Scala at Light Speed, Part 2: Object Orientation
Scala at Light Speed, Part 2: Object Orientation
Check out this post to learn more about object-orientation in Scala.
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This article series is for busy programmers who want to learn Scala fast, in 2 hours or less. The articles are the written version of Rock the JVM's Scala at Light Speed mini-course, which you can find for free on YouTube or on the Rock the JVM website in video form.
You may also like: Scala at Light Speed, Part 1: The Essentials
This is the second article of the series, which will focus on Scala as an object-oriented language. You can watch it in video form here or in the embedded video below.
In the previous part, we learned:
- How to set up a Scala project in IntelliJ IDEA
- Values, expressions, and types
- Functions and recursion
- The Unit type
Nothing too fancy. Scala has the same notion of a class as you likely saw in other languages.
Fields are defined with
val, methods with
def, and they work as we discussed in Part 1. Fields and methods are accessed with the dot operator much like other languages.
Scala has single class inheritance (much like Java), as shown below:
Classes in Scala can take arguments — those are the constructor arguments. When you define a class, you also define its constructor signature. In this case, the Dog constructor takes a single String argument.
Beware that constructor argument are not fields — the code below will trigger an error.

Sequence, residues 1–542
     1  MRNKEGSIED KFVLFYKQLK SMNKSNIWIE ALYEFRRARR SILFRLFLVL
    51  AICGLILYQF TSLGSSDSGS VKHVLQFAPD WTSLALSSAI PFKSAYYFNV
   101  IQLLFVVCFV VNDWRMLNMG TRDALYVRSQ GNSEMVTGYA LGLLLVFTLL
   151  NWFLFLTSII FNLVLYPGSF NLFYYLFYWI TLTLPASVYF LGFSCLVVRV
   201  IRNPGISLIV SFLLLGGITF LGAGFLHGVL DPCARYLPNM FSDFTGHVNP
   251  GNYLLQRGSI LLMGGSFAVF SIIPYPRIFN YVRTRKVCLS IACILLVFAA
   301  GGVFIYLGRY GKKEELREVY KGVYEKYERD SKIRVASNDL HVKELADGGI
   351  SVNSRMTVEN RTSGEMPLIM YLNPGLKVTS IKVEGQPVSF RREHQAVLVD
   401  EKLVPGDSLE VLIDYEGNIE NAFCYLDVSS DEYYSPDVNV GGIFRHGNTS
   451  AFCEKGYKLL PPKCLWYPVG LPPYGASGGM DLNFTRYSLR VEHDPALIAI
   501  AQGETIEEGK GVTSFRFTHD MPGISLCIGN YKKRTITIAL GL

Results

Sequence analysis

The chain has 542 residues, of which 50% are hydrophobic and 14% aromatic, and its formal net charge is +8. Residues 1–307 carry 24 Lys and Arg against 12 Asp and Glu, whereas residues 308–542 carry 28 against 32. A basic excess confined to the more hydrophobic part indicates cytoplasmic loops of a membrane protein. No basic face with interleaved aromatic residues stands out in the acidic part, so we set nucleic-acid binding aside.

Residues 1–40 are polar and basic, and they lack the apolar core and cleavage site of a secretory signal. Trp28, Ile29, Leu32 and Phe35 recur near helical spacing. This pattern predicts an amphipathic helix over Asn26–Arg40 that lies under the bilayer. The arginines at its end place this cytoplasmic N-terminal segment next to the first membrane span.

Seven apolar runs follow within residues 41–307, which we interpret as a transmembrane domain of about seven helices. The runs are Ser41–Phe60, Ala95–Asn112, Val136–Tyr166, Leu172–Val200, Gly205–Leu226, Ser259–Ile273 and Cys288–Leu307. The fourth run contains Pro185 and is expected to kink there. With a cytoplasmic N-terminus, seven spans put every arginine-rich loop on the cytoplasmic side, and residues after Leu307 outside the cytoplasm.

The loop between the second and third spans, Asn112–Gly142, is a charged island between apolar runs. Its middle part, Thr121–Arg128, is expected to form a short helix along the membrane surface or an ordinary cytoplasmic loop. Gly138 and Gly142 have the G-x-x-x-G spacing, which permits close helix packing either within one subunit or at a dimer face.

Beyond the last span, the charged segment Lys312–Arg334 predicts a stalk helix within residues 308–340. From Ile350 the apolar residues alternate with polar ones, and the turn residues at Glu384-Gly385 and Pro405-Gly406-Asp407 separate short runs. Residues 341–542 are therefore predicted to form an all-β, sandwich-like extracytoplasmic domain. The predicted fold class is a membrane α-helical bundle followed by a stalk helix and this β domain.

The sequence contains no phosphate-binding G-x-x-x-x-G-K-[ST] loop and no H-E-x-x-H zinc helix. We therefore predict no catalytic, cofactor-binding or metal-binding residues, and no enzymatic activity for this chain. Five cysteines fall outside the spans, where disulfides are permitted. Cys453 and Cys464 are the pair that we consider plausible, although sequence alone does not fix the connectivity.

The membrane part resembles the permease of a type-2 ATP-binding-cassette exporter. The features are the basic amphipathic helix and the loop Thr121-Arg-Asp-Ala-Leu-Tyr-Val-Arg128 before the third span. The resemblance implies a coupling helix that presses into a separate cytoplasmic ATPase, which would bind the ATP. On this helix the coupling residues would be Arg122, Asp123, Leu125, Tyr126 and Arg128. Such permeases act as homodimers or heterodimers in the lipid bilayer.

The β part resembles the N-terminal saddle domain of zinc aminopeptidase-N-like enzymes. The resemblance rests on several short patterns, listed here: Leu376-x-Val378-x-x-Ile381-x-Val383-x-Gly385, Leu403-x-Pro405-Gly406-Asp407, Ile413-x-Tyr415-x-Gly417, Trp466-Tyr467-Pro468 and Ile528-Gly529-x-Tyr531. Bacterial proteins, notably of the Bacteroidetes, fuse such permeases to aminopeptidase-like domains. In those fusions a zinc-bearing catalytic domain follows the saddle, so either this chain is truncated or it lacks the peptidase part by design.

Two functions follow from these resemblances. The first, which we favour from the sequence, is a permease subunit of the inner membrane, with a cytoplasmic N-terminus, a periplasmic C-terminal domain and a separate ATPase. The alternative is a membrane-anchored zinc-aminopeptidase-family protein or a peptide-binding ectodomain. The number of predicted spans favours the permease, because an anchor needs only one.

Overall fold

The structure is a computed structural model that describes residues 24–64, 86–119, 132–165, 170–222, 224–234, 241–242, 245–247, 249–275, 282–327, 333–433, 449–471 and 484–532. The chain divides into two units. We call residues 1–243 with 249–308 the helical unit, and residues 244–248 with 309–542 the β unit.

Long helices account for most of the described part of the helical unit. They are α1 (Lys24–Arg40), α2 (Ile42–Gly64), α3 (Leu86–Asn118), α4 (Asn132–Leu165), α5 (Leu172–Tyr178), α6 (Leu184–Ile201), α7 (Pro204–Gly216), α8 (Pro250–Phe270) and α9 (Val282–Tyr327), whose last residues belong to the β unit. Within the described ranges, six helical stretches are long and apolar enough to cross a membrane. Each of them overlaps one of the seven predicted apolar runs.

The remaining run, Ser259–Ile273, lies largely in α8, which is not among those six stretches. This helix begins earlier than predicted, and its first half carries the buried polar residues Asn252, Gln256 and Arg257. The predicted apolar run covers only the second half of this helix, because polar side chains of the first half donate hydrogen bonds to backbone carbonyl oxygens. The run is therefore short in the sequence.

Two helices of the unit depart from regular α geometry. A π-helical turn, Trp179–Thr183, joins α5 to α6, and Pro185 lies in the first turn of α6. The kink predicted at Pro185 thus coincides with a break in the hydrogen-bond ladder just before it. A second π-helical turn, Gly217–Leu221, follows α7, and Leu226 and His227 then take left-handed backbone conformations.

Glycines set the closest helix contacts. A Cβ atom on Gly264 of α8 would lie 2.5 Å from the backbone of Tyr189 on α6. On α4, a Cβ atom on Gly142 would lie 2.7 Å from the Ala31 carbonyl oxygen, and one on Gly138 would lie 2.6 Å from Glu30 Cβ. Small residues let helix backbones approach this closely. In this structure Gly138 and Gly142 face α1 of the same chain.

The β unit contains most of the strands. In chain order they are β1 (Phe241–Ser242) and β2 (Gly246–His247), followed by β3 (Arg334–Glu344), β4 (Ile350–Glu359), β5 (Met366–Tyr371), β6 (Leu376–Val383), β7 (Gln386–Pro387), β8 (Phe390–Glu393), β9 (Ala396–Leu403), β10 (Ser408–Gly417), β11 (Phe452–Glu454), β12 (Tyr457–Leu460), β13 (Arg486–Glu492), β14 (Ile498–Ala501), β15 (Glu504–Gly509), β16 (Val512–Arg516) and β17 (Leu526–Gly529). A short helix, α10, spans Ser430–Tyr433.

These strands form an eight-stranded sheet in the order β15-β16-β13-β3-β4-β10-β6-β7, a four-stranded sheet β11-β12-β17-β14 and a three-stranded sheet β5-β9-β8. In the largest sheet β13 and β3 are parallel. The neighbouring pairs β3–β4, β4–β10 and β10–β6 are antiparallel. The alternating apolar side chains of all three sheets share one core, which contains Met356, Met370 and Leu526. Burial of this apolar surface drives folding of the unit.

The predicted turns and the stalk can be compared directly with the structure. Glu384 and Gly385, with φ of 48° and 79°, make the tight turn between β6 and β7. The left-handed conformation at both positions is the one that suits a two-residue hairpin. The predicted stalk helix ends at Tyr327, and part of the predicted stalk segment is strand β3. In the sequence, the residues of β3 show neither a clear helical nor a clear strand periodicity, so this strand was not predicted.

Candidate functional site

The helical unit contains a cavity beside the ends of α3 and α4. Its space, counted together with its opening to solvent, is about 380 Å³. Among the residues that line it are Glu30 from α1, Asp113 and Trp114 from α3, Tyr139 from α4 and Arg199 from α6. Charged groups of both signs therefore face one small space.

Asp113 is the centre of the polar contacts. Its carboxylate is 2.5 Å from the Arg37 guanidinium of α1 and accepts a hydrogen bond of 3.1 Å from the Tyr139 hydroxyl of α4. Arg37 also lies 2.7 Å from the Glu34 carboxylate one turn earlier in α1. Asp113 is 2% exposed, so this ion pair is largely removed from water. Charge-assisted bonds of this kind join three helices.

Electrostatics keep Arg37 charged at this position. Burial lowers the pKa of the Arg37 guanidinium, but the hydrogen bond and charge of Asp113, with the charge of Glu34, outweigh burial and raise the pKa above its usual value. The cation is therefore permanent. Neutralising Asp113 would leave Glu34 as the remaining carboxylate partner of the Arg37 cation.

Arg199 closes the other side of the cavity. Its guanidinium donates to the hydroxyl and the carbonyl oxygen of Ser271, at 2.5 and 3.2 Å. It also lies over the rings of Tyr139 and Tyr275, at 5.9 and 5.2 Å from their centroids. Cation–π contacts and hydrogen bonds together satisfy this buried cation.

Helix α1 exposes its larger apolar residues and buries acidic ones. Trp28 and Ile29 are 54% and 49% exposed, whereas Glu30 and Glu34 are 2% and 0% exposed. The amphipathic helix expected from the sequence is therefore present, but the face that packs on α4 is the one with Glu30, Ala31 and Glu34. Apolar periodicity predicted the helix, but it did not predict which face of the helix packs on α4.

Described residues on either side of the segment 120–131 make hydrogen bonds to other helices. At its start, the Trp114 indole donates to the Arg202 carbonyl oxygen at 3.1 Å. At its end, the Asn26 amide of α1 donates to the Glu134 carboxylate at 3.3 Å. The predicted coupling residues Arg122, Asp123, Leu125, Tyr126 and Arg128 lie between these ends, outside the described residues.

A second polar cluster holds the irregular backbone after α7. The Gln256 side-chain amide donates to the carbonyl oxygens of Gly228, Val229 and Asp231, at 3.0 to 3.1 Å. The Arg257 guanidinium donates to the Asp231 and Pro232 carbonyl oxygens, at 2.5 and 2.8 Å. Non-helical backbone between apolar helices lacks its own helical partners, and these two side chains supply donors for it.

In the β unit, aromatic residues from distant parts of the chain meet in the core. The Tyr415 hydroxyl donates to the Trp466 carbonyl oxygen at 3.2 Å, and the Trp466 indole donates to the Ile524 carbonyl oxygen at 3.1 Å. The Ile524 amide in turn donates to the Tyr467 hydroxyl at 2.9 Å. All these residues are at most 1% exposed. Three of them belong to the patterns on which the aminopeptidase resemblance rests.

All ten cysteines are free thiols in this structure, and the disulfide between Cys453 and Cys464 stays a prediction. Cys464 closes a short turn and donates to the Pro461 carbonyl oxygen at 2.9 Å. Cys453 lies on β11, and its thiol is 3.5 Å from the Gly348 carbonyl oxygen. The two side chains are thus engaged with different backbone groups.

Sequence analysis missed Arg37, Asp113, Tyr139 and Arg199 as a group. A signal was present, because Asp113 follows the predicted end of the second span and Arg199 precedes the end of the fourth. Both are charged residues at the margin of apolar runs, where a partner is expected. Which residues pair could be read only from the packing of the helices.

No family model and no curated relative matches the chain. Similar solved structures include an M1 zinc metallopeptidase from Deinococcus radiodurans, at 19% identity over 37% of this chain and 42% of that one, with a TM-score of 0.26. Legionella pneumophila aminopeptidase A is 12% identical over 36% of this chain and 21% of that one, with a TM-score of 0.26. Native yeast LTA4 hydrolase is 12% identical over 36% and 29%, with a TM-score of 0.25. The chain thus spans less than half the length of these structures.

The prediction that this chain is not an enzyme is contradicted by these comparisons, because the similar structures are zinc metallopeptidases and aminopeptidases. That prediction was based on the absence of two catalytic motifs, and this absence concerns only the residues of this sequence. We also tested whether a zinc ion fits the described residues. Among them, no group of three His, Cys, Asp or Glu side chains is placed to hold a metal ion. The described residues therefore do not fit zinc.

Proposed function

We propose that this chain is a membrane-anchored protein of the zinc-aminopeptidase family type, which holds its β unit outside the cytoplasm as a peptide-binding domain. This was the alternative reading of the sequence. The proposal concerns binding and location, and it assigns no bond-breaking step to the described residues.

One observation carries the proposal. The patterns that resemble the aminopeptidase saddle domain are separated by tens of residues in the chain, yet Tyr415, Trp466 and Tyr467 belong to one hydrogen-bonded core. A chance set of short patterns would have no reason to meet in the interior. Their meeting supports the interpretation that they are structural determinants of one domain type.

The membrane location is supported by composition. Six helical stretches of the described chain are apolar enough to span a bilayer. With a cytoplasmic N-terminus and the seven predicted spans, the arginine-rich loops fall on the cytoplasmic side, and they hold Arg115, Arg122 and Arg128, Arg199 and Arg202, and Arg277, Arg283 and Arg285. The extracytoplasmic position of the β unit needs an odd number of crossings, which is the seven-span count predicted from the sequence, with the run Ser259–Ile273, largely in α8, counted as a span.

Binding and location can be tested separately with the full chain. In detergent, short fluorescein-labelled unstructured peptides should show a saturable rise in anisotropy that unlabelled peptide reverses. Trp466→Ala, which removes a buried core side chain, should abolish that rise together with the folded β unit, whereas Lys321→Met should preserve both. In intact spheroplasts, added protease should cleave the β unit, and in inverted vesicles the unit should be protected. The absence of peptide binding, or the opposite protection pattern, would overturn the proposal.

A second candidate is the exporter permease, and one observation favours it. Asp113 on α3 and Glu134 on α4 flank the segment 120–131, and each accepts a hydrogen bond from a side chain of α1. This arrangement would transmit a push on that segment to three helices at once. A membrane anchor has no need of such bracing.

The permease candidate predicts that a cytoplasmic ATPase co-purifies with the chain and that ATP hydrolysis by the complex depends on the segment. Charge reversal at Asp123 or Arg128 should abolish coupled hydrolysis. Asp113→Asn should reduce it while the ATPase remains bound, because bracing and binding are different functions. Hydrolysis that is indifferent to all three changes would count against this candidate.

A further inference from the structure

In order to save a constructor argument as a field, put a
val before the argument name:
Notice that nothing is mutable (we have the notion of a variable in Scala, but it's heavily discouraged). In general, we work with immutable data structures: any intended modification to an existing instance should return a new (modified) instance.
Inheritance, Traits, and Method Notations
Scala has the same subtype polymorphism you may have seen in other statically typed languages:
Meaning, we declared a value to be an Animal, but at runtime, it acts like a Dog. A derived class can, of course, override their superclass methods.
Scala also has the notion of abstract classes, where you may leave fields/methods without implementation:
As the comment above mentions, all fields/methods are by default public unless we restrict their visibility with the
protected modifiers. They work exactly as in Java:
private restricts access to the class only,
protected restricts access to the class and all derived classes.
We also have the notion of an "interface," a type with everything being abstract — this is a
(Although, we can also implement fields/methods in traits; long story)
Scala has single-class inheritance and multi-trait inheritance:
First, notice that Crocodile derives from Animal and two other traits.
Second, notice that the Philosopher has a method called
?!. Scala is very permissive with method naming, where method names can start with non-alphanumeric characters. Names like
~> are all valid, and they're used in practice. Examples include
:: in working with lists,
! in working with Akka actors and
~> in working with Akka Streams, to name a few.
Third, watch below.
The expressions in lines 3 and 4 above are called infix notation, which applies to methods with one argument. Instead of the
instance.method(argument) call structure, we can use
instance method argument. This makes Scala extremely expressive because we can make expressions look like natural language (a croc eats a dog, line 3) or like math operations (line 4).
Which brings us to another point. Even plain math operators like 1 + 2 are actually method calls: